Feb 11

Interview with John Pinto, Mayaguana, Bahamas.

Maybe you’ve heard of Mayaguana, maybe you haven’t.  It’s in the Bahamas but without the acclaim of Andros or the population of Grand Bahama.  It hasn’t been on the TV like Abaco and doesn’t have the DIY repuation of Eleuthra.  The place only has something like 312 people living there, but what it does have is some pretty intriguing bonefishing.  You, a canoe and some double digit bonefish.  Sound interesting?  If it does, you might want to talk to John Pinto who has been fishing there for about 13 years.  I sent John some questions about fishing there and about the bullet that Mayaguana appears to have dodged.  Here are his responses.

John, Mayaguana seems, for me at least, really far away and very hard to get to.  What is the reality of getting to and from Mayaguana and why should the bonefish angler put Mayaguana on their list of places to check out?

Mayaguana is easy to get to/from.  Bahamasair offers three scheduled flights per week (M-W-F) from Nassau to Great Inagua/Mayaguana.  There is a large Morton Salt operation on Great Inagua therefore the American executives need to fly back and forth on a regular basis so Bahamasair looks after that flight.  There will be forty passengers on the flight and 33 get off/on at Great Inagua.  The 7 who get off at Mayaguana is usually my group of anglers.

Mayaguana offers the best wade fishing opportunity for really large bonefish.  It remains the closest thing to real “virgin fishing” left in the Bahamas.  Stalking ten pound tailing bonefish is typically Mayaguanian fishing.  We do it by wading or by canoe.

Is there a fish from Mayaguana that stands out in your memory?

I had an angler from Bakersfield, California there one time and his dream was to catch a tailing bonefish.  He had a week of mishaps, had everything go wrong and I began to think he simply had a black cloud over his head.  He and I went out one morning way before sun-up, the flat was like an oil slick and there were tailing/cruising fish everywhere.  We stopped the canoe and got out, he grabbed his rod, turned around and there was a tailing fish working right to us.  I held the canoe, we knelt down and I told him to put the fly in front of the fish.  By this time the fish had closed to about twenty feet and I’m screaming for him to cast.  From a kneeling position he basically cast nothing but leader, the fly plopped down in front of the oncoming fish and he inhaled it.  This seven pound fish did everything as advertised, made two great runs and really put on a show before surrendering.  I remember this fish because I have never seen an angler so happy about his first bonefish.  At least seventy-five photos then followed the successful landing.

With so few people around, is there anyone on Mayaguana you don’t know?

I’ve been traveling to Mayaguana for over thirteen years now.  I make it a point to meet and greet everyone and like to think I know most of the inhabitants.  I support the island the best I can and I’ll still run into somebody at an island event, gathering or fund raiser who I truly don’t know and they’ll say, “Hi John.  How’s the bonefishin’?”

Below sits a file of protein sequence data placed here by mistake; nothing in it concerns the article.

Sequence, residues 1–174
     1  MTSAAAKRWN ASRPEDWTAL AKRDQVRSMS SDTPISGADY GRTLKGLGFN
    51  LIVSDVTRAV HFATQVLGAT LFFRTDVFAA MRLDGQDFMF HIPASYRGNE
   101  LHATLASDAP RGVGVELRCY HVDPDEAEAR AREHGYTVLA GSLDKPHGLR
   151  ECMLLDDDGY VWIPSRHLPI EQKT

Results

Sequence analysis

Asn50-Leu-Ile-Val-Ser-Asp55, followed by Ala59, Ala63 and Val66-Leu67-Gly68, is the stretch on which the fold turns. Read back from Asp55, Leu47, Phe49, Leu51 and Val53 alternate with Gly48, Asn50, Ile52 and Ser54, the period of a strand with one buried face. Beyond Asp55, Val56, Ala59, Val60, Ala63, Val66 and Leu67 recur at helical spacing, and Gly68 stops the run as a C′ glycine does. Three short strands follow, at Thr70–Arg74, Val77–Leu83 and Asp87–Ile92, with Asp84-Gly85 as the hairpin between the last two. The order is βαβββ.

How often do you run out of Kalik on the island (now that may be the most important question of all!)?

In thirteen years we ran out of Kalik just once.  The mail boat had broken down and the island was rapidly running out of everything including every brand of beer.  Kalik is by far the most popular beer and is my favorite beer in the Bahamas.

There's John with a Mayaguana Bone.

I saw you mention the halting of the Mayaguana Development project.  Over-development seems to be the major threat facing Bahamian Bones these days. Outline what that project would have meant for Mayaguana.

I think the development would have changed the entire face of Mayaguana.  There are not that many Bahamians on Mayaguana to begin with and they could conceivably become outnumbered by white Americans and Europeans in a short time.  The development claimed it would create jobs for the Mayaguanians but I question what kind of jobs and how many.  I think there would have definitely become a major caste system on the island between the locals and the landed gentry had the development been completed as planned.  I was also concerned about the increased number of people who would have built homes there near the beaches and bonefishing areas.  My greatest fear was finding the children of these new islanders racing around Curtis Creek on jet skis and altering the behavioral patterns of the bonefish.

What’s your go-to rod/reel for bonefish these days?

I prefer a 9-ft 8-wt 4-pc Stealth Bomber fly rod which are distributed throughout South Africa by David Levene Agencies.  I use a Bauer M4 fly reel and Sci Angler fly lines.

Is there something you’ve seen on Mayaguana that you haven’t seen anywhere else?

Yes, the behavior of the bonefish in Curtis Creek on  Mayaguana.  Very large bonefish (10 to 12 pounders) will enter the creek system or hang over through the tide change and lay in the seams of the channels perfectly still.  I know this because we almost canoe over them before they spook and scare the hell out of us.  Over the years I know where these “lies” are and carefully work my way to them look for just a glint of a tail or fin.  Very strange behavior that I have not found on any other island.  Makes for some very challenging fishing.

Thanks John… sounds very, very interesting.